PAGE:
Lesson 14 Tents
|Reasoning||Resources: Board compass or OHP compass|
|Whole class preparation|
|Mainly an extension episode.
Moving from the semicircle and radius to a circle.
Enclosing the circle with a square using the radius or diameter, and inscribing a hexagon using the radius.
Using the radius as a unit of measure for the perimeter of the polygon.
|Demonstrate, using a compass on the board or OHT (or a piece of string between a pen and a fixed point) how to draw a semicircle of given radius, then using the same radius to make a rectangle.The class should justify that the length of the curve is shorter than the sum of the two verticals and the horizontal top of the rectangle. They should also recognise that the sum of the two vertical ends and the horizontal top of the rectangle is four times the radius.
They could now move to a circle and a square, and talk about the perimeter of the square being four times the diameter. Then mark the curve, using the radius as a unit, so inscribing a half-hexagon with a circumscribed rectangle. Can they see, and justify to each other, that the semicircle curve is longer than three times the radius.
They can also see that the circle will fully inscribe a hexagon and a square circumscribes it. And that the perimeter of the hexagon is three times the diameter. Ask: Are there other regular polygons that help us calculate the length of the semicircle or circle from the length of the straight line side?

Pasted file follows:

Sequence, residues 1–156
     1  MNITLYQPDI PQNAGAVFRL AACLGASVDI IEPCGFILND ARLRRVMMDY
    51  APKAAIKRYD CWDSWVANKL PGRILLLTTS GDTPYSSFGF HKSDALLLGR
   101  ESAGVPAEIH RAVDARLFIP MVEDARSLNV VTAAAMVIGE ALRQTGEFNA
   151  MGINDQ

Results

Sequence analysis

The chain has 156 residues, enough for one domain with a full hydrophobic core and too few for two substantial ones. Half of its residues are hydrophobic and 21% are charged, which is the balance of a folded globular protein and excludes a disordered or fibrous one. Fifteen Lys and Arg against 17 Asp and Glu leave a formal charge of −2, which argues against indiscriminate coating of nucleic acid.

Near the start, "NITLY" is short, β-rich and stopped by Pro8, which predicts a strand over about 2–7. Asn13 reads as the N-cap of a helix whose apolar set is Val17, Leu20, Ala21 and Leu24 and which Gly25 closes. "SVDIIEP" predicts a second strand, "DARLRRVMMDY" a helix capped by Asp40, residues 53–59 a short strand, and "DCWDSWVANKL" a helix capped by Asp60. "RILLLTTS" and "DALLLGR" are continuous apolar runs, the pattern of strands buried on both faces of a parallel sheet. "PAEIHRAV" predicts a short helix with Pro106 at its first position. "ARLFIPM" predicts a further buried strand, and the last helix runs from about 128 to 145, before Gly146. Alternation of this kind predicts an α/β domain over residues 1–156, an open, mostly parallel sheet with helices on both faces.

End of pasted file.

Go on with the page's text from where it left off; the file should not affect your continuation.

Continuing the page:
|Pair and small group work|
|Sketching enclosing regular polygons and inscribed polygons allows thinking to move towards increasing the numbers of sides.||Encourage pupils to work with full circles and to double the number of sides of a square to make an 8-sided shape around the circle. Then double the number of sides of the hexagon to make a 12-sided shape inside the circle. Encourage sketching and rehearsing explanation rather than accurate measurements.|
|Whole class sharing and discussion|
|Collect ideas from groups, describing in their words that a regular polygon would envelop the circle touching at the middle of each side, and another polygon would be inside the circle with corners on the circle. Some pupils will attempt to describe increasing the number of sides, say by doubling, infinitely to reach the circle.
Hopefully pupils would discuss in their own ways how a circle can be understood as a limiting case of a regular polygon, something that is seen in practice in stitching patterns and LOGO designs.
|Formalisation and reflection|
|Circle as a limiting case of enclosing or inscribed polygons.
Further work on numerical approximate value of Pi.
The puzzle of a clearly visible constant ratio that is not exact. Ensuring reflection is across several levels of thinking.
|Summarise and discuss ideas from the lesson: There is a constant ratio between the semicircle curve length and its radius.The ratio is around 2 or 3.14. The semicircle length is the limit of an infinite-sided half-polygon. The perfect ratio, Pi, is true for a perfect circle which is never realised in practice.
Ask pupils: Why is this ratio useful? What is it about the semicircle arc length and its radius that causes a constant relationship? For many pupils, a question back to the beginning of the lesson would be useful for engagement and thinking: What helped you to decide which picture was a semicircle?
|End of Lesson Reflection|
|Pupils reflect on the thinking and approaches that they have used during the lesson. They discuss how the development of mathematical relationships can be helpful.|